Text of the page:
Which works just fine with his bar and musician friends, but I had invited non-bar, non-musician friends.

So when we walked into the bar at 7:40, we found my friends waiting. They had been there since 7:00. Because that's when I told them we would be there.

My stupid fault, of course. I should never have told them we'd be there at such a ridiculously early hour. Although I have pointed out to Primo that he needs to get a better on-time record if he is going to be a serious candidate. Bill Clinton can get away with being late because he's Bill Clinton. Primo cannot.

My friend Dawn had a present for Primo. Dawn is a big Stripes supporter. She has volunteered for the Stripes Guy for Governor. She likes to argue with Primo. More power to her. I hate arguing with him, so am always happy to find someone who will deflect arguing from me.

She handed him a bag that was tied with ribbon. Primo carefully untied the ribbon and pulled out a wrapped tube. He peeled off the tape, then removed the wrapping paper. It was a tube of paper. He opened it.

It said, "Stripes Guy for Governor."

I started laughing. Dawn laughed. Keith, my other friend, who is also a Stripe, laughed.

Primo bent over double laughing. "This is hilarious!" he said.

"You can put a photo of that on your facebook campaign page," Dawn suggested.

Primo shook his head. "Oh no. Noooooo. The Polka Dots would not appreciate this."

Monday, December 3, 2012

Sunday May 13 Primo is a high quality candidate

Primo was all excited because the Polka Dot state senate leader said he might come to the karaoke party. "He's a Polka Dot big shot!" Primo said. "He says I'm a high-quality candidate!"

"Of course you are," I said. "You have a legitimate job. You've worked your entire career in the private sector. You're not a community organizer. You look like your voters: middle class, employed, homeowner. And you're obviously not going into politics for the money."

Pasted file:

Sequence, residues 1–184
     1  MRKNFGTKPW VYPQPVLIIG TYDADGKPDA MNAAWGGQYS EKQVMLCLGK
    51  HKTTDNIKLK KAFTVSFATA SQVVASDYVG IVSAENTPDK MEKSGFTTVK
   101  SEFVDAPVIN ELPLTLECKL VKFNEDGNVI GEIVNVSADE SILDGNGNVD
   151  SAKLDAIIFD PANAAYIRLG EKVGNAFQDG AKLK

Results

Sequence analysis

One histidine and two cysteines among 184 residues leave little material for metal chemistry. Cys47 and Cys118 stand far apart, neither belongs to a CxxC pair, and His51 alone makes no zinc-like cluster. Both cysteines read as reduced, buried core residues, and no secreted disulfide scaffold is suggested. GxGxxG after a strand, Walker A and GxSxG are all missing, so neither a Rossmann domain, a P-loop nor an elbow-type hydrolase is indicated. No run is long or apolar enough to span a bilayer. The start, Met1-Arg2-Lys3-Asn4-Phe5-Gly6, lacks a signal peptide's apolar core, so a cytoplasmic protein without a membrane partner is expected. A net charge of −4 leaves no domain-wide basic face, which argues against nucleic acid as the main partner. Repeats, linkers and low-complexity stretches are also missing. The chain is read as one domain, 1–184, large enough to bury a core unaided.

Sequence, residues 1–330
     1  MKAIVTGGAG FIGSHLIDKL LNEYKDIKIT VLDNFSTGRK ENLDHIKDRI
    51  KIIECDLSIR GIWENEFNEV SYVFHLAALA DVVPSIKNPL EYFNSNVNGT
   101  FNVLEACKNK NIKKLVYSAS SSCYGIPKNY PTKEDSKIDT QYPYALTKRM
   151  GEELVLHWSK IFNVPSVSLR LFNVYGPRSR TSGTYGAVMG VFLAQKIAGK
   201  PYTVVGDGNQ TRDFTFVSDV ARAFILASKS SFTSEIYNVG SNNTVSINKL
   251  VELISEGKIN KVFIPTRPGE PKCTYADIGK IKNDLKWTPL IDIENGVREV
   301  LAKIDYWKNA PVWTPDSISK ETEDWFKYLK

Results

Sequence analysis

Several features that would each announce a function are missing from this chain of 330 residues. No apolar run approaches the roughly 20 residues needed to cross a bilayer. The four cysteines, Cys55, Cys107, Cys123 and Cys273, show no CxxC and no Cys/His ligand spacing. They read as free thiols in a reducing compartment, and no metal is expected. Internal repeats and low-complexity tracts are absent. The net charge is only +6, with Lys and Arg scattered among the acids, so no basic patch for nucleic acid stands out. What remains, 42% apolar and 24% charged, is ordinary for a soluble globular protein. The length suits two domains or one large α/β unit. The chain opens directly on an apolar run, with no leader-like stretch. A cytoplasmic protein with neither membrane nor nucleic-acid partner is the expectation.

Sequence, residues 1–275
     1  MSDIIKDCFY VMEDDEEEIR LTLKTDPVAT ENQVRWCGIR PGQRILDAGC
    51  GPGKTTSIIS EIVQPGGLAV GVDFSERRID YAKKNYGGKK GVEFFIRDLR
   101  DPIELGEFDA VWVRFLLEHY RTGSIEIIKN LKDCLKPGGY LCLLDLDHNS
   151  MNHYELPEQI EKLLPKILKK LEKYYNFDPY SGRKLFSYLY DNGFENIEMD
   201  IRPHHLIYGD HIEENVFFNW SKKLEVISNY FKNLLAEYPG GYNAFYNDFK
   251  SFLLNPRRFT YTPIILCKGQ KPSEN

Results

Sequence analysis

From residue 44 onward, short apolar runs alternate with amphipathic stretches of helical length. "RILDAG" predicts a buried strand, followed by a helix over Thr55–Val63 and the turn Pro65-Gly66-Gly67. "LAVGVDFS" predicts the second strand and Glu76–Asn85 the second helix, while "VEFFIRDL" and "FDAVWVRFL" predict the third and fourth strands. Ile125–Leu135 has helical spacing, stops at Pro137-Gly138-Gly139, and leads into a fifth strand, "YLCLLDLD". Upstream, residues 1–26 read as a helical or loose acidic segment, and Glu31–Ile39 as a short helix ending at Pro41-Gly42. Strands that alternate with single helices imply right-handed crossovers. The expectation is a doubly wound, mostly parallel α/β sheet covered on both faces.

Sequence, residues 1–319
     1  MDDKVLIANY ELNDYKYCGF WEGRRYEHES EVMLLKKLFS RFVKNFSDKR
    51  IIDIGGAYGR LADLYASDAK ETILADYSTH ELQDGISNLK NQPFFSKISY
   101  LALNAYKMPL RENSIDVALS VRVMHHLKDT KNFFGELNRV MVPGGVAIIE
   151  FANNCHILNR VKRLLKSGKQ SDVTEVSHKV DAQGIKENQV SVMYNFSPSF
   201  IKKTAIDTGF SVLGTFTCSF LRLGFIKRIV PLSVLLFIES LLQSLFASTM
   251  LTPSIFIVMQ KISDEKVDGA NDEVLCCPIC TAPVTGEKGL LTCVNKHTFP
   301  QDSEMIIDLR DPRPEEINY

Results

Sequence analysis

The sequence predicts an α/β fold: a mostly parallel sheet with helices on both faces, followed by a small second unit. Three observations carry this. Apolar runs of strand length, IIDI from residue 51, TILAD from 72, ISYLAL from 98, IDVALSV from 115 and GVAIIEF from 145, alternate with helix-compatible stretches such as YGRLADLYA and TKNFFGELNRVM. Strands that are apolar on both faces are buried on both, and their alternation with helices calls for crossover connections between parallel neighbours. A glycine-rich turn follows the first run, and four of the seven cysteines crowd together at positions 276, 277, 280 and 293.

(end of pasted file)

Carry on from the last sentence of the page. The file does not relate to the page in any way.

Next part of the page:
"What's wrong with being a community organizer?" Primo asked.

"Explain to me what one is again," I said. "They do - what? Nobody knows what they do."

Primo's political friend Rich chimed in. "In some neighborhoods, being a community organizer is considered a good thing."

I looked at him and said dryly, "I am guessing not in the affluent suburbs."

He smiled. "Nope. Probably not."

Primo said, "Polka Dot big shot sent me a text! Look!"

He and Rich huddled around Primo's smarty-pants phone. I looked over his shoulder. "Primo, happy birthday! I had planned to come to your party but I had to go to a wake. See you around."

"See!" Primo said. "He was going to come!"

"Well," I said. "It's easy for him to say he was going to come, especially if he didn't come. He might be just telling you what you want to hear. But it is nice that he does know who you are and thinks you are worth cultivating."

"Because I am a high-quality candidate," Primo said.

Sunday, December 2, 2012

Sunday May 13 Mothers Day pancake breakfast

Primo came home from a meeting with his campaign manager, aka The Political Wife.

"There's a Mothers Day pancake breakfast at the community center on Sunday," he said. "PW wants me to go and collect signatures."

I felt sick to me stomach. "Do I have to go?"

"It's the kind of thing where it would look bad if you didn't," he admitted.

"I can't think of anything I want to do less than go to a pancake breakfast on Mothers Day and ask people to take political action," I said. "Don't you think people are sick of politics by now? And don't you think that asking for signatures for your petition at an event like this is kind of tacky?"

"I think I need to do this," he said. "And I need you to go with me."

Sunday morning, I got up. Ate because I was starving. Felt sick to my stomach because we were going to campaign at a non-political, strictly social event.

Primo showered and shaved. He asked me to iron his shirt. Which I didn't want to do because I hate ironing. "Just wear a different shirt," I suggested. He didn't like that idea.

"It's my birthday," he reminded me. (Which it was.) "Won't you please iron this shirt for me? I really like it."